Plaintiff was employed by AutoZone initially as a retail sales person, then a Parts Sales Manager, and ultimately a Store Manager. After she became pregnant, she was demoted and later terminated. She alleged that AutoZone had a policy against promoting women, that she was discriminated against based on gender and pregnancy, and that she was demoted and later terminated for having complained about it. In addition, Plaintiff was allegedly not compensated as required by California and federal labor laws.

Don’t Make the Same Mistake – Follow the Law

Federal law expressly prohibits discrimination based on pregnancy.  Many states also have laws prohibiting discrimination based on pregnancy, related medical conditions and gender.

Federal Law

Employers with more than 15 employees are covered by the federal Pregnancy Discrimination Act (PDA). Prohibited discriminatory treatment under the PDA would include treating a woman differently due to pregnancy, childbirth or related medical condition(s) in any aspect of employment. This would include: hiring, termination, pay, job assignments, promotions, layoff, training, fringe benefits, and any other term or condition of employment. It is also unlawful to harass a woman because of pregnancy, childbirth, or a medical condition related to pregnancy or childbirth.

Specifically, the PDA act states: “Women affected by pregnancy or related conditions must be treated in the same manner as other applicants or employees who are similar in their ability or inability to work.”

While this law provides accommodations and leave for pregnant employees, it also allows pregnant women to work as long as they feel they are able to perform the essential functions of their jobs. Even when an employer believes it is acting in an employee’s best interest, adverse actions based on assumptions or stereotypes are prohibited.

Employers may be found to have violated the PDA under the following circumstances:
• Compelling a pregnant employee to assume a light duty assignment if the employee does not request accommodations.
• Involuntarily reassigning a pregnant employee to a lower paying job involving fewer deadlines based on an assumption that a pregnant employee cannot handle stress and/or fast-paced work required in her current job and could increase risks associated with her pregnancy.
• Forcing an employee to go on leave before she and her healthcare provider request it.
• Requiring her to remain on leave until the baby’s birth.
• Prohibiting an employee from returning to work for a predetermined length of time after childbirth.
• Taking adverse employment actions, including those related to hiring, assignments, or promotion, that are based on an employer’s assumptions or stereotypes about pregnant workers’ attendance, schedules, physical ability to work, or commitment to their jobs.
• Taking adverse action against a pregnant worker because of the prejudices of co-workers, clients, or customers.

Best Practices

• Treat pregnant employees the same way you treat all of your other employees.
• When an employee informs you she is pregnant let her know of her rights under the law and that accommodation or leave is available if she needs it.
• Let her and her doctor decide if she can do her job or not.
• Tell her to let you know right away if her condition changes and she needs an accommodation.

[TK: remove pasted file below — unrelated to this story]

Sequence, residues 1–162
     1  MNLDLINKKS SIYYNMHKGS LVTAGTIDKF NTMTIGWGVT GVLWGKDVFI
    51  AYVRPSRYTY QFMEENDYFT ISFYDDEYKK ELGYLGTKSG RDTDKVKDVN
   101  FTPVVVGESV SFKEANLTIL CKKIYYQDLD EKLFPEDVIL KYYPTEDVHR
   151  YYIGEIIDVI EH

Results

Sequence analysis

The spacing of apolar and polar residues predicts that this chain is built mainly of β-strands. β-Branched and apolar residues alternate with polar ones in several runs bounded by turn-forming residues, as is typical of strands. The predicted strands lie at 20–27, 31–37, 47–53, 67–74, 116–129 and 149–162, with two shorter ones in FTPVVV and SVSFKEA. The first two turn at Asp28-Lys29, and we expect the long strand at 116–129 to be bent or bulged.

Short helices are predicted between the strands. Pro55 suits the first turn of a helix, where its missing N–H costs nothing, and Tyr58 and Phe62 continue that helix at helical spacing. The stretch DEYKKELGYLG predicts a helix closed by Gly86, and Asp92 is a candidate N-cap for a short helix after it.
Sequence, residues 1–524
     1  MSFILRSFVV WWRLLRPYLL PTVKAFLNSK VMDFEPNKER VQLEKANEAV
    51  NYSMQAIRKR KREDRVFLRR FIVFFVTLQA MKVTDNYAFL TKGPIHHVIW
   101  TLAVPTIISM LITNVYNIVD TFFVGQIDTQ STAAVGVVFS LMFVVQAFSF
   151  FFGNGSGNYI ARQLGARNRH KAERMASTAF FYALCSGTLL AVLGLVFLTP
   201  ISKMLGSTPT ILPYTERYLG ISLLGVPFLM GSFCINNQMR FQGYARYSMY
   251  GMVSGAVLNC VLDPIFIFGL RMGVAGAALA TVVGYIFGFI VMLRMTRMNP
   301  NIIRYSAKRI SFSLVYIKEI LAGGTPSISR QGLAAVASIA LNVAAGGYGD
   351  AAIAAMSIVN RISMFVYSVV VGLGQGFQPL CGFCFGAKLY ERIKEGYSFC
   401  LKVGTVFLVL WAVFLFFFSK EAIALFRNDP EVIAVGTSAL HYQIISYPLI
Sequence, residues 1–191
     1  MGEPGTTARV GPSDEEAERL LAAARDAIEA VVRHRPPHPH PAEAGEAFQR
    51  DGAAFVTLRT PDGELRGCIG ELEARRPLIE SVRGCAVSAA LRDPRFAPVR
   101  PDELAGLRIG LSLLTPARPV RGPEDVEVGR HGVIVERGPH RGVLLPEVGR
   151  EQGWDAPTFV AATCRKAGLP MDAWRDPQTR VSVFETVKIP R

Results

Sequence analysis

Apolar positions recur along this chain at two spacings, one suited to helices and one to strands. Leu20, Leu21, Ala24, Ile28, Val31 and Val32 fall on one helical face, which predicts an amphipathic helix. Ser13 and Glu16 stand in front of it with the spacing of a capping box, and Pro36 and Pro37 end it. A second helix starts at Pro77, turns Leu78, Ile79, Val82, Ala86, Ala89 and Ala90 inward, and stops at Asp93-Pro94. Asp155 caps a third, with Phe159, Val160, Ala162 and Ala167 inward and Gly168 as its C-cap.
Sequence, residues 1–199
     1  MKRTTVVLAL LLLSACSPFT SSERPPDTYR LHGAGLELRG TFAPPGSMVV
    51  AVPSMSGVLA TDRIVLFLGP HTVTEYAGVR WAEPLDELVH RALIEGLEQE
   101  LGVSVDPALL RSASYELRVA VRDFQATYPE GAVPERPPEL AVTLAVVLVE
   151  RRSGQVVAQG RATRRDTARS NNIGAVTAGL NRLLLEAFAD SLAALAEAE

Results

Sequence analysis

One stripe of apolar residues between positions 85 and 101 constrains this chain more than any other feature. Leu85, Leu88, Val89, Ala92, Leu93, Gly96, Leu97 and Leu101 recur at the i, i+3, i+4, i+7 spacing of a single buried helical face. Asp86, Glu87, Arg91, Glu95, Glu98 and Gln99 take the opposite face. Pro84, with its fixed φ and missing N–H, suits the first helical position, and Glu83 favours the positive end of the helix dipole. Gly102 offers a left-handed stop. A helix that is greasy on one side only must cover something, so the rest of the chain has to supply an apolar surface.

• Don’t require medical certification, unless she requests an accommodation or time off due to her pregnancy.
• Offer light duty or accommodations to pregnant employees as you would any other employees who are similarly disabled.

Pregnant Women Today
Things have changed since the days of knitting booties and taking it easy. Today, pregnant women head up large corporations, work as police officers, run marathons, compete in sports, and perform other remarkable feats.

Here’s a list of interesting facts about pregnant women.
• Regan Schreiber crossed the English Channel when she was 11 weeks pregnant.
• Kristi Moore competed in the Olympics in the Skeleton Race while 5 ½ months pregnant.
• Aimee Roseborrough rock climbed up to her 8th month of pregnancy.
• Amber Miller completed the Chicago Marathon, and gave birth a few hours later.
• Marissa Mayer is heading up Yahoo as CEO, while pregnant.

U.S. Supreme Court to Hear Pregnancy Discrimination Case Against UPS

On July 1, 2014, the U.S. Supreme Court agreed to hear a pregnancy discrimination case against United Parcel Service (UPS). According to the Court’s Order, “the denial of workplace accommodations to pregnant workers in circumstances in which other employees receive them is a particularly common fact pattern.”

The Law

The Pregnancy Discrimination Act (PDA) prohibits employers with 15 or more employees from treating a woman differenty due to pregnancy, childbirth or related medical condition(s) in any aspect of employment.  Accordingly, an employer must provide the same leave benefits to pregnant women that are provided to employees with any other type of temporary disability.

The Facts

Plaintiff, Peggy Young, was hired by UPS in 1999 as a UPS delivery driver for “air” deliveries.  Air delivery packages are usually lighter than ground delivery, due  to the cost of shipping by air.

In 2006, Young became pregnant and in October 2006, Young provided UPS with a note from her mid-wife indicating that she could not lift more than 20lbs.  Young requested that she be allowed to do light duty.  Light duty had been previously provided in the following three situations:

  • when an employee was injured on the job
  • when an employee needs an accommodation under the ADA
  • when employees lose their truck-driving certification.

UPS, however, made it clear that light duty was not given because of pregnancy and, accordingly, UPS denied Young’s request.  Young met with a UPS Division Manager, who told her she was “too much of a liability.”

Young was forced to go out on an extended, unpaid leave of absence.

Fourth Circuit Court of Appeals Ruled in Favor of UPS

The lower court found that UPS’s policy to limit light duty to the three situations described above was a gender-neutral policy and did not constitute evidence of pregnancy discrimination.  Additionally, the court found Young’s temporary disability (pregnancy) distinguishable from workers’ compensation injuries and disabilities under the ADA.

Reasons Why Supreme Court Agreed to Hear the Case

In granting review of the Fourth Circuit’s decision, the Supreme Court chastised the lower court for “disregarding the plain statutory text” of the PDA.  The fact that Young was simply restricted in her ability to lift,  a common restriction in the three areas where UPS grants accommodations, but not allowed to continue to work was of great concern to the Court.